When you think of altered states of consciousness (ASC), what are some of the first things that come to mind? If you’re like most of us — and not a neuroscientist or anthropologist — you’ll probably think of 1960s counterculture; of school buses decorated with psychedelic colors and images, crazed rock concerts and the popular use of LSD and other psychoactive drugs. You might also think of dimly lit opium dens that were common in major cities throughout the 19th century, which seemed to hold forth the promise of exotic, mysterious, and perhaps dangerous experiences. Or, you might think of bohemian artists, writers, and revolutionaries drinking absinthe in the cafes and nightclubs of Paris around the same period.
You’ll notice that all these associations are strongly connected to the illicit, the socially transgressive, and the culturally subversive. Not only has the common conception of altered states been bound to illegal drug use in the popular imagination, but also with mental illness and its associated stereotypes. However, advances in the fields of neuroscience, anthropology, and ethnobotany have revealed that this is very far from the whole truth about altered states.
Research in these fields has yielded some astonishing insights into the nature and role of this phenomenon in the human brain and body. Most surprising of all is that ASCs share an underlying pattern of distinct brain functioning, regardless of how they are induced. Research suggests that this distinct pattern of brain functioning may be psychologically and physiologically beneficial for a range of anxiety and stress disorders that are still difficult to treat, for example, post-traumatic stress disorder (PTSD), depression, and end-of-life anxiety.
Defining Altered States
So what exactly are altered states of consciousness? Michael Winkelman, a retired professor of anthropology at Arizona State University who has written extensively about the use of entheogens by various indigenous groups throughout history, has proposed that ASC can be best defined as an “integrative mode of consciousness.” Within his neurophenomenological framework described in the book “Altering Consciousness: A Multidisciplinary Perspective,” which he co-edited and contributed to, Winkelman identifies this integration as constituting the biological foundation for the experiences of altered states, helping to reveal the answer for the presence and ritualization of ASC across peoples and cultures throughout history.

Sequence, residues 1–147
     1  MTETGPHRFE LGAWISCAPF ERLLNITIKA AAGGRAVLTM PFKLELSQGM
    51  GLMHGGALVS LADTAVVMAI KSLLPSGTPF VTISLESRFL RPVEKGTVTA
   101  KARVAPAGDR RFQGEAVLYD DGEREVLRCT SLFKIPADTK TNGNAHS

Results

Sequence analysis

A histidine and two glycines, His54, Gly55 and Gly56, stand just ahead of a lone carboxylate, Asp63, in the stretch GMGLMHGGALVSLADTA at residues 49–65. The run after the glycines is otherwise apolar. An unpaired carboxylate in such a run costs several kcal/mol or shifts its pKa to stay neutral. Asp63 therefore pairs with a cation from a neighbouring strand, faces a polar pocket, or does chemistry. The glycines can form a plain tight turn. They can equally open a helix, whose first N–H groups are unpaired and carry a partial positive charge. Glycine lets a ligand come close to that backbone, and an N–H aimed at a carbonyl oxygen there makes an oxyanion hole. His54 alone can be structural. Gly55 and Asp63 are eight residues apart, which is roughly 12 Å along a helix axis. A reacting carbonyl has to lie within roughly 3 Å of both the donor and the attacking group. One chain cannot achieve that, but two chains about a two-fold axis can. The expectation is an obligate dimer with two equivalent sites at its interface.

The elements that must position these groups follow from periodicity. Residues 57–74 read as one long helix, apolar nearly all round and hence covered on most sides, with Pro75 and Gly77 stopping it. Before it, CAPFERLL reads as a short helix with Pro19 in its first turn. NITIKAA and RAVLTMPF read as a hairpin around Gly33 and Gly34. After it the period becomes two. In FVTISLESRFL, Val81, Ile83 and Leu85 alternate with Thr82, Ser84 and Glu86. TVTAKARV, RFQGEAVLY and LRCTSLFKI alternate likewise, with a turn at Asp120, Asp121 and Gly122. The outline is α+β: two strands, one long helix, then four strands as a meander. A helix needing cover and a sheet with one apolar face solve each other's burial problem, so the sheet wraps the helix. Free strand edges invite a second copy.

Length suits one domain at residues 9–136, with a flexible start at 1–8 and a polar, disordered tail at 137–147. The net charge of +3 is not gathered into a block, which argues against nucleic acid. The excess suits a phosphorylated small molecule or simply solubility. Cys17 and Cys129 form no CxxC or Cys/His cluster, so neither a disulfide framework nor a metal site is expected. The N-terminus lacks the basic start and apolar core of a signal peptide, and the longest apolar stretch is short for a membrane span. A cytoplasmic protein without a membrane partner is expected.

Common Biological Features of Altered States
Winkelman used the research that neuroscientist and psychiatrist Dr. Arnold Mandell conducted on the relationship between ecstatic states and patterns of brain functioning as a starting point for identifying the biological basis for ASC. He then went on to define altered states as a biological response that results in a distinct pattern of brain functioning and activity, regardless of the method of induction.
This pattern of brain function is mainly characterized by the synchronization of two important areas of the brain: the frontal cortex and the limbic system. The frontal cortex is the seat of executive function, which includes the processing of sensory information and high-level cognitive operations, involving abstract thought, planning, and judgment. The limbic system is deeply involved in processing emotions, the formation of memories, and learning.
Winkelman has explained that during ASC there is a shift from the typical pattern of sympathetic nervous-system dominance (state of biological alertness) and desynchronized fast-wave activity in the frontal cortex to a pattern of activity featuring parasympathetic dominance (state of biological relaxation) and the synchronization of the frontal cortex with other brain systems by slow-wave discharges ascending from the limbic system and related areas. This synchronization leads to integration between the most ancient parts of the brain — the structures within the limbic system and surrounding areas — and one of the most evolutionarily recent, the frontal cortex.
Another important characteristic feature is the reduction of serotonin inhibition in a variety of brain areas. In the hippocampus, an area of the brain that is responsible for memory formation and emotion, this reduction of inhibition leads to the production of the slow-wave discharges in the limbic system and also reduces the synaptic gating (regulation) of emotional responses. This, Mandell noted, leads to emotional flooding and feelings of ecstasy.